Wednesday, January 25, 2006

Let's Make A Deal

This article in the NY Times has me ripped to go see the Tristram Shandy movie, which I hope will be brilliant. However, if the film is not brilliant, if it is unbrilliant, I am not going to cry or perform any drastic action, like jump into the water by the plastic pirate ship moored in the West Edmonton Mall (an action, which, as far as harm goes, would probably do little more than severely dampen my clothes and also wash the gel out of my hair—also, I have been told that there are cockroaches in the Cinnzeo's located beside that pirate ship and that these horrible insects love the tepid water, so, as you can imagine, I am definitely NOT going to leap into or even dabble in that fetid pool they call Marineworld or whatever the blazes they DO call it—plus, I don't wear gel in my hair or at all, that was just a lie, it seemed interesting to say at the time). But, if the film succeeds, I'm going to purchase Adaptation and just stare at the DVD covers for it and Tristram Shandy: A Cock And Bull Story all day long, my post-modern meta-textual brain fizzing with pleasure. Or just fizzing.

"Bathtime In Clerkenwell" + The Real Tuesday Weld Stephen Coates is a one of a kind, and that's all right with me. The world doesn't need two of him—one will do just fine. But why will one, and only one, Stephen Coates be all that is ever neccessary to the well-being of Britain and listening audiences everywhere? Probably because he does his job so damn well. Another Stephen, not without Merrit (ha!), liked the man's music so much, he took SC out on tour with him, and people all over Europe got to hear the funderful tunes of The Real Tuesday Weld. This tune was everywhere a while- and-a-while ago. Didn't it win some award, or maybe that was the whole album, I, Lucifer, that is. The dancing beast was released in the spring of 2004, and this song was wonderful and unexpected. It still is. The video is pretty famous, too, or maybe it's he look of the video, more than anything. Which seems a stupid thing to say, but, watch it, and you'll know what I mean.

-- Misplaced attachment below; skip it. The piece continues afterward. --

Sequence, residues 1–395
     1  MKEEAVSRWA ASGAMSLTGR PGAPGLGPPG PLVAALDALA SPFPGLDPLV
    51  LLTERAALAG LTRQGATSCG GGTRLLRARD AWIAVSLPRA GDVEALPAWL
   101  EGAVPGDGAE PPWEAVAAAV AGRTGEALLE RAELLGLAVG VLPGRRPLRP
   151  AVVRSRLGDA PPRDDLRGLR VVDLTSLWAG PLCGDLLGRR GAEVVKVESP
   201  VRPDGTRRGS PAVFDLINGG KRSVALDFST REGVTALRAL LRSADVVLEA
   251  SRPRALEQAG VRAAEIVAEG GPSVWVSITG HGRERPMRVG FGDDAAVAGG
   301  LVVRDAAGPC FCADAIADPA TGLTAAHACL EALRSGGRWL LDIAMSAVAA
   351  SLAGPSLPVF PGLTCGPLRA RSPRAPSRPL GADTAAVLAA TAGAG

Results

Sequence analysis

The Arctic Fox: Francis Leopold McClintock, Discoverer of the Fate of Franklin + David Murphy Sometimes, it's not the writing, it's the subject, that makes the book. Like photography, isn't it? Murphy writes a plain strong narrative, nothing wrong with it, but certainly nothing to make you drop to the floor and wriggle unless you happen to be interested in what he's writing about. Which is why I did The Worm for about ten minutes after finishing this book. Francis McClintock was about as tough a baby as anyone ever is in this harsh world. This book is the first biography of him to come out since the publication of Clements Markham's 1909 biography (a book which I have not read). Anyways, McClintock. McClintock was amazing, virtually indestructible. He was that rare man in the British Admiralty, a person not afraid to learn. He basically came up with the idea of sledging across the ice as the most viable means of Arctic exploration (check out one of the cool sledge-flags he used), he organized satellite expeditions, pioneered the idea of moving from cache to cache instead of from ship to starvation, and discovered the only surviving document from the disastrous Franklin expedition of 1845. Did I mention the man was tough? He once travelled 770 miles in 80 days across land so jagged and tough and cold and treacherous—oh, there is no describing how bad it was, you would have to see it for yourself. Or read the book. You know what, stay away from the Arctic. The book is far more comfortable.

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